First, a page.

The point is moot: the amount of wins a pitcher records over the course of a season is meaningless, and always has been. But now that more advanced metrics are available to properly evaluate hurlers, there is no use for the Win-Loss column. The whole idea is ridiculous; judging the quality of a player should be based on his own merit, not the ability of the hitters around him. Recently, this issue has been addressed, although old-timers are slow on the uptake. In 2008, awarding the Cy Young award to Zack Greinke was controversial just because he had just 16 wins, as opposed to Justin Verlander, who won three more games. Felix Hernandez’s 2010 Cy Young (13-12 record) was another step in the right direction. However, Verlander proved that sports writers still care about the W last year.
Yes, the Tigers’ ace was far and away the best pitcher in the American League last season and deserved the Cy. The MVP, though, which Verlander also picked up, belonged to Jose Bautista. Had Verlander not gotten extraordinarily lucky in the amount of run support he received in 2011, he wouldn’t have received nearly as many votes.
The whole concept of the “win” is flawed. All it accomplishes is establishing a very crude baseline of evaluation so people don’t have to decipher decimals on the back of their baseball cards. In fact, as endlessly reported by enlightened baseball writers, the statistic is by nature incredibly misleading. In 2010, Phil Hughes, who was worth 2.5 fWAR, won 18 games, while Greinke, who was worth double that number, won only 10 games, while losing 14. It’s no surprise that the Yankees had one of the strongest offenses that year, while the Royals were near the bottom in that category.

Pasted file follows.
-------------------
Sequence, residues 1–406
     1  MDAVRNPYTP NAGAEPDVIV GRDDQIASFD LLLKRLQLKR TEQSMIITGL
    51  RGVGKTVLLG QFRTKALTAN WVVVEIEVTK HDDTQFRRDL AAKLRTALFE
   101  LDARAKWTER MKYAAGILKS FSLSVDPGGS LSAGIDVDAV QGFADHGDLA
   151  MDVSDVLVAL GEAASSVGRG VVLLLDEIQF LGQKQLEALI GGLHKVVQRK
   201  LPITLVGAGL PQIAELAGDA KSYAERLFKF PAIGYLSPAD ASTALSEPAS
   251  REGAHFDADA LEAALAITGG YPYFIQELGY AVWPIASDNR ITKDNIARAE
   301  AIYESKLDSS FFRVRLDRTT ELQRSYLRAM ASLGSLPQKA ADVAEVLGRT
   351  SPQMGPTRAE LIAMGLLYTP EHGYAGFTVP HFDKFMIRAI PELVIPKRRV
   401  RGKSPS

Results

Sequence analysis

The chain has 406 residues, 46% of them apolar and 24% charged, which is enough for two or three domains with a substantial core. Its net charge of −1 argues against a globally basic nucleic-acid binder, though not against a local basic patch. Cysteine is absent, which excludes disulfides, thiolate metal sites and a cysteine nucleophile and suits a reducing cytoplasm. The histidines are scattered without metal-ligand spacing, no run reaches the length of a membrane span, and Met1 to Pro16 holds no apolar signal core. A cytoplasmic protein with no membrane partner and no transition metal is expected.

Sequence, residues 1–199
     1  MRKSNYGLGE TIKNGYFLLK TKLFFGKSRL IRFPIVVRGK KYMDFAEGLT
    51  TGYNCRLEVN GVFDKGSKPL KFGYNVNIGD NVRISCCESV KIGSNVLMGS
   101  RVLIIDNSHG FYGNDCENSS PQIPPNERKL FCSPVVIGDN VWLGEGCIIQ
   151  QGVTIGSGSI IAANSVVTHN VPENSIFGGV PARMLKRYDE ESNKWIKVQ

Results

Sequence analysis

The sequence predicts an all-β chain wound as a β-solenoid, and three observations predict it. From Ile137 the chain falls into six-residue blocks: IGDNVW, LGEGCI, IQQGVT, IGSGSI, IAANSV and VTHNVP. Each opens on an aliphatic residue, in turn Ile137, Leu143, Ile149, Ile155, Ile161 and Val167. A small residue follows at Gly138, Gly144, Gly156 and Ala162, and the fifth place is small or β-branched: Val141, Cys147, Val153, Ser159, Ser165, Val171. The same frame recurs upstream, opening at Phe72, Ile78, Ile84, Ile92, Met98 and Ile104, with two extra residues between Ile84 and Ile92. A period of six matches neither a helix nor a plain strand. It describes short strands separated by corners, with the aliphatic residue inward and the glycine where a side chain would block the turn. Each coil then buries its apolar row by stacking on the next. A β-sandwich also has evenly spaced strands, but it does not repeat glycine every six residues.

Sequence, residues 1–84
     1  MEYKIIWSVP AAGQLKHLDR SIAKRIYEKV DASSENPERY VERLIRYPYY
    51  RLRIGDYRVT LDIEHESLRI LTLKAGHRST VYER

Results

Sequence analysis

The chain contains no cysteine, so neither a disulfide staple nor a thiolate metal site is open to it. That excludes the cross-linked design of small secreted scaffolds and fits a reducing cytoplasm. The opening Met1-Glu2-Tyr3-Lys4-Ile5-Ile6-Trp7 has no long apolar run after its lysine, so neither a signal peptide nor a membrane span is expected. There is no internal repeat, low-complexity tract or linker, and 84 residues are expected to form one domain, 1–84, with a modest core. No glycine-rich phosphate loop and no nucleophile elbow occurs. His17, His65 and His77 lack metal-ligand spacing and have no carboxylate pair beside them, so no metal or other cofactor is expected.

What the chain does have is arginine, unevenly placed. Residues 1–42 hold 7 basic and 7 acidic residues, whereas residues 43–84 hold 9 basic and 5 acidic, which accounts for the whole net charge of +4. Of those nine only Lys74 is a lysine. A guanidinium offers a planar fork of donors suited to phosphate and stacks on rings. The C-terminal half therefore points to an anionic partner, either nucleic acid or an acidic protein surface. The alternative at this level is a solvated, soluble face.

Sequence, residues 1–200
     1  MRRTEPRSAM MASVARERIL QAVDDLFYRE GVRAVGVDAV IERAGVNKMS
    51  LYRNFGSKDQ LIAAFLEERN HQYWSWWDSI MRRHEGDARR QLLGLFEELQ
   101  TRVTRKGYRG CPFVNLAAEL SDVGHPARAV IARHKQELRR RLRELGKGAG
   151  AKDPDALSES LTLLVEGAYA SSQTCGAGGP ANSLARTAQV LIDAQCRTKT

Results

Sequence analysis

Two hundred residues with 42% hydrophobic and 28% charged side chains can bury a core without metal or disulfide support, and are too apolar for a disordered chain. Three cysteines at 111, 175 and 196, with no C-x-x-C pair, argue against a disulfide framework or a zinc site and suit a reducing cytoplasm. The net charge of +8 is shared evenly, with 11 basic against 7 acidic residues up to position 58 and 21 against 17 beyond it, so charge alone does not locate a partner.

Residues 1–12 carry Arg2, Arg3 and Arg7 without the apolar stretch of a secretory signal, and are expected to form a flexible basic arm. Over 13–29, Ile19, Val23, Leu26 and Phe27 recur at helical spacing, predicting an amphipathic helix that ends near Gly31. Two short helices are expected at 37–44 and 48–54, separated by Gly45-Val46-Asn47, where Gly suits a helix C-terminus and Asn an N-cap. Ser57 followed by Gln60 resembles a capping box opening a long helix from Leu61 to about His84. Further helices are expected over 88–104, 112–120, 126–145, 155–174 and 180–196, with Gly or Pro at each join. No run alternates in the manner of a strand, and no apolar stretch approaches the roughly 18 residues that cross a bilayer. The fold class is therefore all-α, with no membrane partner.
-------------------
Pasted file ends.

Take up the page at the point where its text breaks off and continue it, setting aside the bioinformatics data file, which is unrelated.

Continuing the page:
The Win is now a symbol for “old baseball,” the days before sabermetrics were widely used, when teams drafted a player simply because of a beautiful swing and intuition. Well, teams have moved on (at least the smart ones have), and now it’s time for fans, and more importantly, reporters, announcers, and managers to follow suit. I cringe when the first stat thrown out before a ballgame is the starter’s record. It happens all too often. The important statistics should be emphasized at all times, like ERA (which will soon be taken over by FIP, SIERA, or another like it), innings pitched, and strikeouts.
What does the statistic even accomplish? Sure, they can tell you a little bit about a pitcher: how lucky/unlucky they’ve gotten and roughly how good the team as a whole is. The latter isn’t even fully true, as Cole Hamels, who plays for Philadelphia, the reigning NL East champs (a team that won 102 games in 2011), only recorded 14 victories. No, in fact, Win-Loss records have a negative effect on the game, as they force assumptions on you. Looking at an 18-6 record you can surmise that the pitcher had a fairly low ERA, right? Absolutely not, but that’s what announcers and sportswriters force us to do when it’s the sole stat they reveal. The only way to fix that is by full-blown annihilation. The stat needs to be killed. This may seem a tad drastic, but websites like MLB, ESPN, and Fangraphs should stop displaying the Win-Loss column as the first statistic on a pitchers’ scorecard.
It may be easier to simply glance at the number of wins Jon Lester has to determine how effective he’s been, but the information you leave with will likely be inaccurate.